August incident prompts operational changes at Lincoln Hills
MADISON, Wis. (WSAW) - The Wisconsin Department of Corrections has instituted additional operational changes following a thorough review of an August incident at Lincoln Hills School/Copper Lake School. The incident caused around $3,300 in damage to the facility.
On August 1, a group of youth ran from their escorts while walking back to their housing unit. Some in the group then broke exterior windows to other housing units, allowing more youth into the yard. In all, 15 windows were broken.
According to a press release from the Department of Corrections, the changes made following this incident include:
- Adjusting recreation times so multiple units are not outside at the same time
- Creating a practice of securing recreation equipment (students used basketballs to break windows during the incident)
- Increasing frequency of ground searches to pick up debris that can be utilized to break windows
- Installing safety screens on windows of the living units. The safety screens are a temporary safety measure until a previously-planned project to install security glass windows is completed in 2021.
“The windows we will be installing next year cannot be easily broken,” noted DOC Division of Juvenile Corrections Administrator Ron Hermes. “This will keep any future situations from growing, as this one did, when windows were broken to allow more youth outside.”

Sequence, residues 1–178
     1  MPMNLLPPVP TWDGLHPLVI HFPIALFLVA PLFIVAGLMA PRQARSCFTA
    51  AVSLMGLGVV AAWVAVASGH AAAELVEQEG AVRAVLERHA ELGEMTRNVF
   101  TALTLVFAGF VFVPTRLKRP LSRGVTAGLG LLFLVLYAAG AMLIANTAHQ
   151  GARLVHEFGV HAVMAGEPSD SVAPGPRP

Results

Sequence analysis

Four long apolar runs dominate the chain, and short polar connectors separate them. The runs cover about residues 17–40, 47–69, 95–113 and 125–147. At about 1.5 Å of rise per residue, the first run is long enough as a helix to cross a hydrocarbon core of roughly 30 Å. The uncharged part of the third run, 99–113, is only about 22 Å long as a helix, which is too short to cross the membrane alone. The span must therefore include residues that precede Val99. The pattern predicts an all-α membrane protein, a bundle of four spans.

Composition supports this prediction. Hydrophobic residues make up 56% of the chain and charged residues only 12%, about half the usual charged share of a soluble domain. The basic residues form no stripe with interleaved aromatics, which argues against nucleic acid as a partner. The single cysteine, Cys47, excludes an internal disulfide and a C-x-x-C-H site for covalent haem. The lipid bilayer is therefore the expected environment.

In addition to the attack glass, a separate project likely to begin this fall should reduce the ability of youth to access roofs as some did during the August 1 incident. Staff are also making procedural adjustments to better control the way youth enter and exit the main doors of housing units.
In addition to these changes, staff will be implementing Dialectical Behavior Therapy. According the Department of Corrections, Dialectical Behavior Therapy is an evidenced-based treatment that promotes self-regulation and pro-social interpersonal skills as a way to help youth understand the cues that trigger their emotions. Staff began training in August in order to make this therapy part of the standard behavioral motivation programming for all youth in the facility.
“We’re confident the Dialectical Behavior Therapy we are instituting facility-wide will, in the future, help us avoid and resolve situations like the one on August 1st,” said Hermes. “It’s the next step in transforming the schools from a traditional incarceration setting to a facility focused on rehabilitation and treatment.”
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